Legislators Push for Stronger Protections for Health Care Workers

The "Healthcare Heroes" bill would help acquire personal protective equipment as well as provide for hazard pay and paid sick leave for health care workers during the COVID-19 pandemic.

By Trevor Keller

April 16, 2020

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Nurse with surgical mask

A nurse dons a surgical mask.

This week, the Wisconsin Legislature passed a wide-ranging relief package in response to the COVID-19 pandemic. During a Wednesday press conference, Rep. Robyn Vining, D-Wauwatosa, said legislators need to do more and also pass a “Healthcare Heroes” act.

The proposal would address four areas not covered in the current bill: increased acquisition and distribution of protective medical equipment, paid sick-leave, hazard pay and full health care coverage for frontline health workers.

Rep. Robyn Vining

Rep. Robyn Vining, D-Wauwatosa, is among the legislators pushing for a “Healthcare Heroes” bill in the state legislature.

“These are our four parts of what we want to do, and now we have to figure out how we can do it,” she said.

Lisa Gordon is a CNA at a nursing home in Monroe. She was one of several health care workers who supported these measures during the press conference, including paid sick leave.

“I don’t have paid sick time off. If I catch the virus, not only will I be sick, I’ll be out of work and wages,” Gordon said.

Several workers expressed concern over a lack of protective supplies. Gordon said workers at her facility are using face masks for a week before replacing them. Kathy Hintz, a housekeeper at an Appleton hospital, said a shortage of protective equipment has created dangerous working conditions. Hintz described how she recently cleaned the room of a patient who died after testing positive for the virus.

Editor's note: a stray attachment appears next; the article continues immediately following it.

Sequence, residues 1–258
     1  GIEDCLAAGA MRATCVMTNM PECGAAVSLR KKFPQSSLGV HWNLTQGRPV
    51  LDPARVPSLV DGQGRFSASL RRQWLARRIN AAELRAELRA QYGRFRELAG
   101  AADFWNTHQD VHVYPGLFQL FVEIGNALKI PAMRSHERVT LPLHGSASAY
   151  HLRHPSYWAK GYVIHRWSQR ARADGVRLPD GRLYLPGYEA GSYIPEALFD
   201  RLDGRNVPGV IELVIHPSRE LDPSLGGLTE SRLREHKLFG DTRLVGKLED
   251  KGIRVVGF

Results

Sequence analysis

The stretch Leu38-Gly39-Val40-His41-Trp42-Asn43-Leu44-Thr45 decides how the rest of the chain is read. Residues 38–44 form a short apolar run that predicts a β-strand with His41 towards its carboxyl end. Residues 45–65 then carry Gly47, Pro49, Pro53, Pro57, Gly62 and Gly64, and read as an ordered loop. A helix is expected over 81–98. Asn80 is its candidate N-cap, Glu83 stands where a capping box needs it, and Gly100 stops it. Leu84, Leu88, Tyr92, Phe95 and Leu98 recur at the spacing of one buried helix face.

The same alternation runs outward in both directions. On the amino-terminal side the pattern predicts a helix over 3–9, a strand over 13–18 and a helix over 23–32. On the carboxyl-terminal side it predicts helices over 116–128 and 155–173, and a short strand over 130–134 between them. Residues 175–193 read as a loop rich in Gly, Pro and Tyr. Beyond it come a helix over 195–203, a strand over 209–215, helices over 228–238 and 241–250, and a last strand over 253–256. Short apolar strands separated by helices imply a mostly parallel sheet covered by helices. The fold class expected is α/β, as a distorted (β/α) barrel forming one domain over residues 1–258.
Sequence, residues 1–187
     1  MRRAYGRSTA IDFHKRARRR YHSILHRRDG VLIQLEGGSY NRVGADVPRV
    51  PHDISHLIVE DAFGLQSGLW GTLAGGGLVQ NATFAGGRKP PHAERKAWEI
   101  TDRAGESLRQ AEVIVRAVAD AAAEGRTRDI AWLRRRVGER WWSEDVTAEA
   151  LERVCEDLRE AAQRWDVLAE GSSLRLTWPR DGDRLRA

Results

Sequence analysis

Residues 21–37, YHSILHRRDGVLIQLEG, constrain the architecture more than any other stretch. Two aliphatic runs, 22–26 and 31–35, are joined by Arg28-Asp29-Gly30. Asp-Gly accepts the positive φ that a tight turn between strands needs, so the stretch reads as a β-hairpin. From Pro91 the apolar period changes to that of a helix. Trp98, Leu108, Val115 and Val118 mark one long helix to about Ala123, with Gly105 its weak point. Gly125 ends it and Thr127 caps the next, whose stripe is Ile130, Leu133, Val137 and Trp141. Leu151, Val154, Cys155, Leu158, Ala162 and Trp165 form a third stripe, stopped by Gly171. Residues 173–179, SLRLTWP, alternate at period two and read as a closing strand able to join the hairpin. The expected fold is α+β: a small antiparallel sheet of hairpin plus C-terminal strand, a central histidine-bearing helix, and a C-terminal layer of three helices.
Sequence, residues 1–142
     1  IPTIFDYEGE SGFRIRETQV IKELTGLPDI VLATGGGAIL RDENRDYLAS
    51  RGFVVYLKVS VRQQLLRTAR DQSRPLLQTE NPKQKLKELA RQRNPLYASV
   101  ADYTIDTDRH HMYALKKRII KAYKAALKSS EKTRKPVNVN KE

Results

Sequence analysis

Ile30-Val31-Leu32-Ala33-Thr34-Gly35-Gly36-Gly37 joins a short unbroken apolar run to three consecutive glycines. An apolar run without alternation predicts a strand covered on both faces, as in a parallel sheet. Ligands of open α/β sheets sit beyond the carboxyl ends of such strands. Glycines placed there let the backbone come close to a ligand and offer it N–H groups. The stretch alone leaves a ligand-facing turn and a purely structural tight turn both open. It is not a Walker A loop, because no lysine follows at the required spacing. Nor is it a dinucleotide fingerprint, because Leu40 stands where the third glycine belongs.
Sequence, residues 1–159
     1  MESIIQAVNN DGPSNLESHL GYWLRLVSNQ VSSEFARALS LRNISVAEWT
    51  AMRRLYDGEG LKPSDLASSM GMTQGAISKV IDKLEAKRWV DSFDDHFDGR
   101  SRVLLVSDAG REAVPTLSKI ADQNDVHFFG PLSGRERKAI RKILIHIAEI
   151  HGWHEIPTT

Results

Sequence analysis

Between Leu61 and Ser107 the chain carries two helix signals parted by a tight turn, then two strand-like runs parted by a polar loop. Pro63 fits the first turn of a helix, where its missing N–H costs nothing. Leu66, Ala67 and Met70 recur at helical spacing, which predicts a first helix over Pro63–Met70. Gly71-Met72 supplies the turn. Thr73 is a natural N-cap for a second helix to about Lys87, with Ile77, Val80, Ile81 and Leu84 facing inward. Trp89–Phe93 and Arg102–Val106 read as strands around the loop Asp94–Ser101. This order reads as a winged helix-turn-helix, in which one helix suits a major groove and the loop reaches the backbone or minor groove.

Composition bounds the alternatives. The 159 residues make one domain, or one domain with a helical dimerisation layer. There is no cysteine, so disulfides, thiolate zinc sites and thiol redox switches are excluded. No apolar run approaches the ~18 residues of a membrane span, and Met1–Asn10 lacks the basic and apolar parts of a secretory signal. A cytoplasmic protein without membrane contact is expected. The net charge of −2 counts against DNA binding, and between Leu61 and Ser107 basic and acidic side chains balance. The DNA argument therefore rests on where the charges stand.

“When I went to the room I didn’t have the protection I needed, so I was wearing two hair nets, two surgical masks, three pairs of gloves and some booties on my feet, and scrubs. This is not adequate,” Hintz said.

Hintz is monitoring herself for potential coronavirus symptoms and staying away from her daughter and grandchildren to protect them. She broke down during the press conference while talking about the stress it has caused.

“When I accepted this job as a housekeeper, I didn’t ever think that it might mean I’d be signing my death certificate. No one should have to feel like that going in to work,” Hintz said.

Vining and three dozen legislators sent a letter to Assembly Speaker Robin Vos and Senate Majority Leader Scott Fitzgerald on Monday to propose a “Healthcare Heroes” act. Vining is skeptical state legislators will fully fund the proposal, but hopes money from the federal COVID-19 stimulus package passed in March can help cover the cost.

“Looking at the $1.9 billion that’s going to come to the state of Wisconsin, are there ways that we can use some of that federal money that’s coming in to meet the needs that we’re talking about here today? So I think that’s a conversation that’s happening, those are questions that we’re asking,” she said.

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